China is notorious for its problem with “bad-faith” trade mark applications: unauthorised applications for trade marks that the applicant knows to have been used and developed by others. Bad-faith applicants in China target both domestic and foreign businesses, typically seeking to piggyback on the reputation of established brands or to extort payment from the legitimate brand owner.
We regularly help businesses facing such difficulties. In a recent case, we were approached by a UK company whose well-known brand had been registered by a third party in China and the registered right had subsequently been recorded with Chinese Customs. Customs then seized the UK company’s genuine branded products and prevented the export of those products out of China.
Ultimately, the UK company made the difficult choice of paying an exorbitant sum to purchase the mark from the registrant. This was primarily a commercial decision, as the process of purchasing the trade mark was undoubtedly quicker than seeking to recover the trade mark by means of legal proceedings before the Chinese Trade Mark Office.
The landscape in China is still difficult to navigate, but the recent introduction of a new Chinese law gives brand owners additional legal grounds for challenging bad faith filings. In addition, it imposes greater sanctions against trade mark attorney firms for facilitating bad faith filings.
The key changes are set out briefly below, but it is worth noting that preventative measures in China are still likely to be more effective than being forced to rely on the bad faith provisions.
China has introduced the notion of ‘intent to use’: when filing a trade mark application in China, the applicant must now have an intention to use the trade mark or else the application or registration may be challenged (via opposition proceedings or invalidation proceedings) on the ground of bad faith.
In addition, the new legislation imposes a duty on trade mark attorney firms to reject instructions where they know or should have known that the applications are filed in bad faith without intent to use.
A trade mark attorney firm that assists with bad faith filings will be subject to administrative penalties including warnings and fines. In addition, a trade mark attorney firm that initiates trade mark litigation in bad faith should be penalised by the courts.
New measures have also been introduced to assist with preventing the manufacture and sale of counterfeit goods. For example, at the request of the trade mark holder, the courts may order the destruction of the counterfeit goods, and the materials and tools used to manufacture those goods, with no provision for compensation for the counterfeiter. The counterfeit goods should not be allowed to enter commercial channels even after the infringing mark has been removed.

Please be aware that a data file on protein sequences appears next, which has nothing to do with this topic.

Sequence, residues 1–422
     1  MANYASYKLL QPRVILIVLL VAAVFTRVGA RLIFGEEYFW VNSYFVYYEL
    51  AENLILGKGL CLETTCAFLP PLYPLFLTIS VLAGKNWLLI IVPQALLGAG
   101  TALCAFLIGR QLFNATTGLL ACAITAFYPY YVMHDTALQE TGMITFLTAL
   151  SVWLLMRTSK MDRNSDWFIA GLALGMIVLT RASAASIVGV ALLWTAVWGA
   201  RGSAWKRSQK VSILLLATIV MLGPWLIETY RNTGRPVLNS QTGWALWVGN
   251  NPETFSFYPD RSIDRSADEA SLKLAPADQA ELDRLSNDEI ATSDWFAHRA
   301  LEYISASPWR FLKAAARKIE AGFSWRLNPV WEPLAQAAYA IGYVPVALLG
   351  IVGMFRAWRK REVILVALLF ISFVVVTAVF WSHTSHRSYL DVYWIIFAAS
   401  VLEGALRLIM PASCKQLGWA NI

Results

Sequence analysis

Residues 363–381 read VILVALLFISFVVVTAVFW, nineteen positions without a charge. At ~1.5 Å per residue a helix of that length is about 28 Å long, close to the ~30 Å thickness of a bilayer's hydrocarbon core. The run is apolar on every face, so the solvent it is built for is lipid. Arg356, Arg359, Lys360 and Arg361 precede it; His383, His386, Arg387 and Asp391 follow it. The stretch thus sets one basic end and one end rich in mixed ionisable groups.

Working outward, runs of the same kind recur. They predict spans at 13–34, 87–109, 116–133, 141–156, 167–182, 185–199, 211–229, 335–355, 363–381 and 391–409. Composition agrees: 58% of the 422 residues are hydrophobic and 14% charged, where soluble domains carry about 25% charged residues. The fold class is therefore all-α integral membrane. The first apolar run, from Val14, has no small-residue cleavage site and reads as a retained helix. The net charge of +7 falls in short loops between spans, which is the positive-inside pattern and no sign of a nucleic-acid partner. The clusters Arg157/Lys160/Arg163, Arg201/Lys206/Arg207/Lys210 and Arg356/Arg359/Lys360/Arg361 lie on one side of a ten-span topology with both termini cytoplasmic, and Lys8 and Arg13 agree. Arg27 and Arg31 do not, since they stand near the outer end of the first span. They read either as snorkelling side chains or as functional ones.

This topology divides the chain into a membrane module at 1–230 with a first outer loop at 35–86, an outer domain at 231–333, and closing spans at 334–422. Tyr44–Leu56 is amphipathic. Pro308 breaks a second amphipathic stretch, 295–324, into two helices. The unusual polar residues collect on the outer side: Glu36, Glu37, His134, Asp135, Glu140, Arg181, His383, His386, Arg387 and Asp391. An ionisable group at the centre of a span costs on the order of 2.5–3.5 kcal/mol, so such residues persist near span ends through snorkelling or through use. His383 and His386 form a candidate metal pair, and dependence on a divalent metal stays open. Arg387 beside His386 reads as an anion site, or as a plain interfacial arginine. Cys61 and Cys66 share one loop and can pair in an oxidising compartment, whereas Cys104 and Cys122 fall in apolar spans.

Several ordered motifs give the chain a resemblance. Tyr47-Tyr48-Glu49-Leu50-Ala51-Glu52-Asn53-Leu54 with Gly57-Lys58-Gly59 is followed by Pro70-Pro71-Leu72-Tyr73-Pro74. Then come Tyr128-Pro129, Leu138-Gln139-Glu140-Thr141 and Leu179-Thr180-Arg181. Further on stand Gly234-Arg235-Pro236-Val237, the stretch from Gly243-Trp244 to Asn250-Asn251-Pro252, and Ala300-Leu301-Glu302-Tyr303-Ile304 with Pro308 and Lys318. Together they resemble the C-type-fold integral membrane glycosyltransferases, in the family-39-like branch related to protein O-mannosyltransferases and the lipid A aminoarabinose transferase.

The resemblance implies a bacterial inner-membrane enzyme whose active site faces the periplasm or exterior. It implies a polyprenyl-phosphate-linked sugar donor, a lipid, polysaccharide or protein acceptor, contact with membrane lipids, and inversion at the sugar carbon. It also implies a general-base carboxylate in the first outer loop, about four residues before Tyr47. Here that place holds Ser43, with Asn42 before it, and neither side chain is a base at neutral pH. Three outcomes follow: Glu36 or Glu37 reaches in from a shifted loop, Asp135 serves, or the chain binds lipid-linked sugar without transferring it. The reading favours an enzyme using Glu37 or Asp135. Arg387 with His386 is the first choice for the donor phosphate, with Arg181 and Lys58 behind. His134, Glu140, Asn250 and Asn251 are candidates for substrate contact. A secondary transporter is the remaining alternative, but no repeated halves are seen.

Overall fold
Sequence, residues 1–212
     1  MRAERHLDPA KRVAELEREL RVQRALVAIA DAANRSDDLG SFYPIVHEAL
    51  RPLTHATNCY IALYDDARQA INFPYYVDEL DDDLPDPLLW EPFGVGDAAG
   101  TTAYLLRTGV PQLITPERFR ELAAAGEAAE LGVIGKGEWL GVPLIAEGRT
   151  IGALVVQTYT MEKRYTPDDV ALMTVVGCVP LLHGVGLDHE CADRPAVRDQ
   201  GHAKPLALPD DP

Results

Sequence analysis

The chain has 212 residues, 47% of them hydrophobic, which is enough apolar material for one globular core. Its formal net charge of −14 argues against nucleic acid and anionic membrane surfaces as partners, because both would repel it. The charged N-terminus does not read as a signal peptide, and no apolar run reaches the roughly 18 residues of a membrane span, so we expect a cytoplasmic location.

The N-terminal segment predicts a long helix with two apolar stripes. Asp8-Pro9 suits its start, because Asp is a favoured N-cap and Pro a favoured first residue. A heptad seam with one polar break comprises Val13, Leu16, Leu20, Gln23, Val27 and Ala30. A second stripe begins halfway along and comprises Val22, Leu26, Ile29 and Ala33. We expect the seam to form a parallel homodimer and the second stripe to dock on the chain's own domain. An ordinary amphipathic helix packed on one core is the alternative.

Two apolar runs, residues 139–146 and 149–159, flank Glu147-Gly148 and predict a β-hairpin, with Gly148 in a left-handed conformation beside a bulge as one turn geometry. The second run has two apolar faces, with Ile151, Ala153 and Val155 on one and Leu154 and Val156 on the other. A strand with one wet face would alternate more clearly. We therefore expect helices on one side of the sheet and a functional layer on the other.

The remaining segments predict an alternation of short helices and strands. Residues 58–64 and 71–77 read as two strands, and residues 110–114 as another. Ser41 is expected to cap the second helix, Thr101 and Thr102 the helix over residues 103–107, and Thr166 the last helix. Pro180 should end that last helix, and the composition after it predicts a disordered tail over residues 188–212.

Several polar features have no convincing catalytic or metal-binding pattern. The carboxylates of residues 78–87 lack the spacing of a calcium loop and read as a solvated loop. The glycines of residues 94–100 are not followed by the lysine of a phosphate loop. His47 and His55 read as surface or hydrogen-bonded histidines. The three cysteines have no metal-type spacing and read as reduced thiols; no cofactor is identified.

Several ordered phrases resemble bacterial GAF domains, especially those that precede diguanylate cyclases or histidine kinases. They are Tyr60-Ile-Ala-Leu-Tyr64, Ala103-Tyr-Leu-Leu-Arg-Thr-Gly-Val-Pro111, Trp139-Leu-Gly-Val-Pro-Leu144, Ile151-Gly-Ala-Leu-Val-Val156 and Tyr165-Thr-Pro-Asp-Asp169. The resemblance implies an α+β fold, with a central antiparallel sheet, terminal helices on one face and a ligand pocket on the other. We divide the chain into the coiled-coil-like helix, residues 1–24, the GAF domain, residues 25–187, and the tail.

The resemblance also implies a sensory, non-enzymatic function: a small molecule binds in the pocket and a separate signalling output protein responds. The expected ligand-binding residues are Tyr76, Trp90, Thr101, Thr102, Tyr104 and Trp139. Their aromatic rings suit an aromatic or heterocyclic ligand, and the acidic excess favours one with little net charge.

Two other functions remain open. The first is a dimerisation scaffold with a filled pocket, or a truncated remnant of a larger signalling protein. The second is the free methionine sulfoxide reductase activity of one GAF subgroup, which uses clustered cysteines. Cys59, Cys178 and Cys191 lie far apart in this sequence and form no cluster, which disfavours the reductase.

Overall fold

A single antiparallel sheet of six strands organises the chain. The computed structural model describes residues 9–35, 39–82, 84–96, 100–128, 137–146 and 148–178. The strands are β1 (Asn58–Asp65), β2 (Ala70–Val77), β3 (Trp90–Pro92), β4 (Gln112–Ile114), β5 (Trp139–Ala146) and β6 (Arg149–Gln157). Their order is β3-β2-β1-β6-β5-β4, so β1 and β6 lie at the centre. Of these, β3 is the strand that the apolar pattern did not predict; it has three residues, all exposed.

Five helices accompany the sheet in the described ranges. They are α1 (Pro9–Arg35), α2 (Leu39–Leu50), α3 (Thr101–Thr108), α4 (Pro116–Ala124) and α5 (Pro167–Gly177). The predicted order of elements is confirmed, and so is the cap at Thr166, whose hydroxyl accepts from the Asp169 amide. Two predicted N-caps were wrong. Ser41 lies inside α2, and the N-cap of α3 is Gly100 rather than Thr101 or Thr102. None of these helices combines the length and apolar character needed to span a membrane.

Under the new law, statutory damages for intentional infringements have increased from RMB 3 million (just over £300,000) to RMB 5 million (just over £500,000) and punitive damages from “up to three times” to “up to five times” the actual loss of the right owner or any illegal profit of the infringer.
Legitimate brand owners often "file defensively" in China, in an effort to inhibit bad faith filings. One question that has been raised is whether the introduction of the ‘intent to use’ requirement may obstruct legitimate applications filed by brand owners purely for defensive purposes. It appears that this is not the intention of the new law; in particular, the inclusion of a further requirement of bad faith indicates that the goal is to deter trade mark pirates. Even so, there remains a possibility that third parties may try to oppose or invalidate trade marks filed by brand owners for defensive purposes on the ground that there was no real intention to use.
The new law is a welcome step forward for brand owners in China, but the problem of bad faith filings will no doubt continue to pose challenges.
In reality, legal proceedings are time consuming and costly and the best advice is to take preventative measures and seek to register your trade marks in China at the earliest possible opportunity, especially where manufacturing will take place in China. As well as registering the English version of your mark, you should consider protecting the mark in Chinese characters as, contrary to common belief, many Chinese consumers do not understand English and will create a ‘Chinese version’ by which they will refer to your brand. As a final point, once you have taken steps to protect your trade marks in China, it is advisable to record your rights with the General Administration of China Customs (GACC), so that they can monitor for, and alert you to, potentially infringing goods.
Do get in touch if your brand or manufacturer operates in China and you would like to discuss your circumstances in relation to this article in more detail, or if you have any other trade mark matter you wish to explore whether in the UK, EU or worldwide.